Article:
Arsonists leave trail of destruction

Department of Fire and Emergency Services incident controller Peter Sutton looks at the damage in Medina. Picture: Robin Kornet d396791
Department of Fire and Emergency Services incident controller Peter Sutton looks at the damage in Medina. Picture: Robin Kornet d396791

A Department of Environment and Conservation spokesperson said the fire in the Port Kennedy Scientific Park may cause dune erosion and weed infestation in the Scientific Park.

The park’s Holocene dune swales, or ridges, are listed as a threatened ecological community under a Commonwealth Act.

The Medina fire, which closed Gentle Road, was contained and under control thanks to the efforts of 30 career and volunteer fire fighters by early Wednesday morning. It is under investigation by the arson squad.

The Port Kennedy blaze, believed to have been deliberately lit about 11am on February 24, was extinguished by a crew of more than 25 career and volunteer Fire and Rescue Service, Bush Fire Service and DEC fire fighters from five |stations. The fire came close to spotting into the nearby residential area due to unfavourable wind conditions.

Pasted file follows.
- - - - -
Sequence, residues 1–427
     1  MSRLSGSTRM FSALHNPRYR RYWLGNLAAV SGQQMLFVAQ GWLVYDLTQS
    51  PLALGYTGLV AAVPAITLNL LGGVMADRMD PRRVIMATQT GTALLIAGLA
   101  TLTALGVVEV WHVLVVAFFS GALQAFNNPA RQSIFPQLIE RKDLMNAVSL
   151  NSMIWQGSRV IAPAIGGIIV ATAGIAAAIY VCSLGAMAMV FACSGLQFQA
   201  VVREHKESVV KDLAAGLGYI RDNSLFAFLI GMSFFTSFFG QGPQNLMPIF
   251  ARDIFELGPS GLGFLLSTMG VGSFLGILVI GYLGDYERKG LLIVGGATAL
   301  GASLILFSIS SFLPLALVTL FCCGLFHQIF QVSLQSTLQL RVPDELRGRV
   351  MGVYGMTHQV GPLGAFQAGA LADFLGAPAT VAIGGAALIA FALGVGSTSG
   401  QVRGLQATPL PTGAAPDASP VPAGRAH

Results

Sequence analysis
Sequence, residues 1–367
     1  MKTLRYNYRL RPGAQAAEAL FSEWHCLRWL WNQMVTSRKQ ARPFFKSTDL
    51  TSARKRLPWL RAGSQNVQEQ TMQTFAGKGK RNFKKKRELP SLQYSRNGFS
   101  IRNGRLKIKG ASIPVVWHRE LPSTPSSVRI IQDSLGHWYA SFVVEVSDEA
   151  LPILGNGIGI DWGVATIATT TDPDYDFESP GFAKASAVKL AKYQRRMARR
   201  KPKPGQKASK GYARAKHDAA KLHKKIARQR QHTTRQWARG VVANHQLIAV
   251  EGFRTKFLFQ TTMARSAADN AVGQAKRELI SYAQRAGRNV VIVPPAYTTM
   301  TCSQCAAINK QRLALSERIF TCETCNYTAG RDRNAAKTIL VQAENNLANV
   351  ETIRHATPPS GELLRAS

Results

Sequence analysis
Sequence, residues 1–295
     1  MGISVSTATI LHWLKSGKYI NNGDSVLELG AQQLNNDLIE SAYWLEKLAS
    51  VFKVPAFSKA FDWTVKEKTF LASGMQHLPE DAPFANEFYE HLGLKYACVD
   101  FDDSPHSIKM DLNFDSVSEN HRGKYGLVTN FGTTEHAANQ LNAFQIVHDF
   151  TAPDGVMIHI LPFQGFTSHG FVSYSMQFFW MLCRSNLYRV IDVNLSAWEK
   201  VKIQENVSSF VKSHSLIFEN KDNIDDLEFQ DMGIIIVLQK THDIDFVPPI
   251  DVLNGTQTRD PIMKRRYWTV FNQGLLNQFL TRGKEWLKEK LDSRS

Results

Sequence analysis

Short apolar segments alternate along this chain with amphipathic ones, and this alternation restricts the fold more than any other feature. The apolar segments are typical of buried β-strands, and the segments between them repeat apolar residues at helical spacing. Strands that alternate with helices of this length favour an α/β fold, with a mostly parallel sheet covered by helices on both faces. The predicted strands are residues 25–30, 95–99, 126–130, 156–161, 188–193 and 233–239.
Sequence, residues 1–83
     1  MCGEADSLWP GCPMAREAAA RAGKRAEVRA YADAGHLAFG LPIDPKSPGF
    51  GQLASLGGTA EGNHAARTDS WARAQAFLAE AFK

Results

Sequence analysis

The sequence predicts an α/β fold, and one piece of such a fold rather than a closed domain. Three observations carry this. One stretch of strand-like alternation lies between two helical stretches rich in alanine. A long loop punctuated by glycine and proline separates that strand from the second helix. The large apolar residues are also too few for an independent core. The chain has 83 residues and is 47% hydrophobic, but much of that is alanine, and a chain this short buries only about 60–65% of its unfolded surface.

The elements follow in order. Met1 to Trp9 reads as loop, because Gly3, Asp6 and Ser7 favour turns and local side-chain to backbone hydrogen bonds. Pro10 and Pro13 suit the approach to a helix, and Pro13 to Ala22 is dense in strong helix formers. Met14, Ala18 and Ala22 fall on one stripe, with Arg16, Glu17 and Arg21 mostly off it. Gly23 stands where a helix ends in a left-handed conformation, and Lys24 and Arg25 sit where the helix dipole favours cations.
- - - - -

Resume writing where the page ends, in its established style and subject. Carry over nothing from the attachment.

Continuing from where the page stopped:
DEC officers put in mineral earth breaks by hand to stop the fire spreading, and fire fighters were supported by three helitacs and the air intelligence helicopter.

‘DEC officers revisited the fire ground the following day to ensure the fire had not reignited and to determine the extent of damage to the park’s vegetation,’ they said.

‘No reports of injured wildlife were received as a result of the fire. Dune swales have been impacted by the |fire and erosion and exposure of coastal vegetation may result.’

Species typical of these vegetation communities include climbing lignum, golden wreath wattle, bare twig-rush and knotted club-rush.

Some of the fauna species found within the Scientific Park include the Perth lined lerista lizard and black striped snake.

People are asked to report any suspicious behaviour to Crime Stoppers on 1800 333 000.